Sureshbhai Patel was merely visiting his family, walking down the street, when attacked by a police officer, an attack that left him paralyzed. Our thoughts and prayers go out to Mr. Patel and his family, as well.

We affirm our love and respect for our friends and co-workers from the Muslim and Hindu communities of Silicon Valley and commit ourselves to working together with them and others for a better future for all our children and our children’s children.

We renew our call for compassion, not only in our own community, but in our nation. We call on the media, elected officials, and social media to stop using language designed to inflame passions, divide people from their neighbors, or isolate any group. We call on our fellow citizens to find non-violent ways of dealing with disagreement, whether it be over parking spaces, religious beliefs, or political stances. And we call on us all to find ways to stand up against hatred, reach out to our neighbors, and affirm the worth and dignity of all human beings.

In the words of Dr. Martin Luther King, Jr., whose life and work we celebrated just last month, “We must learn to live together as brothers [and sisters], or perish together as fools.”

SiVIC Board

Statement By Jewish Community Relations Council

Dear Maha and Friends at ING,

We write on behalf of the Jewish Community Relations Council representing more than 60 synagogues and Jewish organizations in the San Francisco Bay Area to share our condolences and express our shock and horror over the tragic and brutal murder of Deah Shaddy Barakat, Yusor Mohammad, and Razan Mohammad Abu-Salha in Chapel Hill, North Carolina. We are holding their parents, family, and friends in our thoughts and prayers during this difficult time.

Although authorities continue to investigate whether anti-Muslim hate was a motivating factor in this senseless and cowardly act, we know that many Americans, including Muslim Americans, have an understandable fear that such animus played a role. Anti-Semitism and Islamophobia, along with other forms of bigotry and hatred, are direct affronts to American and Jewish values of inclusivity and pluralism, and to our belief that all human beings are created in the image of God. An act of violence directed at Muslims is an act that unequivocally harms all of us.

As a community with a long history of facing discrimination and violence, the Jewish community stands with the Muslim community in our abhorrence of this deadly crime, and hopes this expression provides some comfort at this difficult time.


Rosalind Franklin, President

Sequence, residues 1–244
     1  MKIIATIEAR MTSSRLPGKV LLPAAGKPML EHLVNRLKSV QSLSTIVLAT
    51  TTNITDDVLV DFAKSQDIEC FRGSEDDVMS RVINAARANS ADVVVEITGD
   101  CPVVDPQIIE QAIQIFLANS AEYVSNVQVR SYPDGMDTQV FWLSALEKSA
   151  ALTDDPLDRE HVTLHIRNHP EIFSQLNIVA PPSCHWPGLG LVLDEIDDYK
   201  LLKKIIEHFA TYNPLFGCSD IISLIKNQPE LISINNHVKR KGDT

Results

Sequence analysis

Rabbi Doug Kahn, Executive Director

Statement by Hindu American Foundation

Leaders of the Hindu American Foundation (HAF) deplored the murder of three students of Muslim faith at their apartment near the University of North Carolina (UNC) at Chapel Hill on Tuesday afternoon. Craig Stephen Hicks surrendered unconditionally at a Durham County police facility and has been charged with three counts of first-degree murder.

“Our thoughts and prayers are with the loved ones of the victims,” said Murali Balaji, HAF Director of Education and Curriculum Reform. “We hope that Chapel Hill police will find out the motive for this tragedy and make sure that the families of Deah Barakat, Yusor Abu-Salha, and Razan Abu-Salha get justice. UNC and city officials should use this tragedy as an opportunity for further engaging diverse populations to ensure campus and community harmony, in addition to bolstering safety against gun violence.”

The police are continuing to investigate the motive behind the crime. Possible leads include a dispute over a parking spot, as well as bias against Islam by Hicks based on his alleged earlier posts on social media outlets.

University and school settings have historically been common sites for gun violence, based on official statistics. HAF has called for gun reform to curb violence particularly targeting student settings and houses of worship. HAF has been engaged with White House and Administration officials on bolstering gun reform since the violent attack that took the lives of 26 children and teachers in Sandy Hook, Connecticut as well as the shooting at a Sikh Gurdwara in Wisconsin, both in 2012.

“Gun violence is a tragedy that can easily be remedied if common-sense reform is implemented by our lawmakers,” said Suhag Shukla, Esq., HAF Executive Director and Legal Counsel. “The motive behind such incidences may be many, but easy access to firearms further exacerbates the frequency of such attacks.”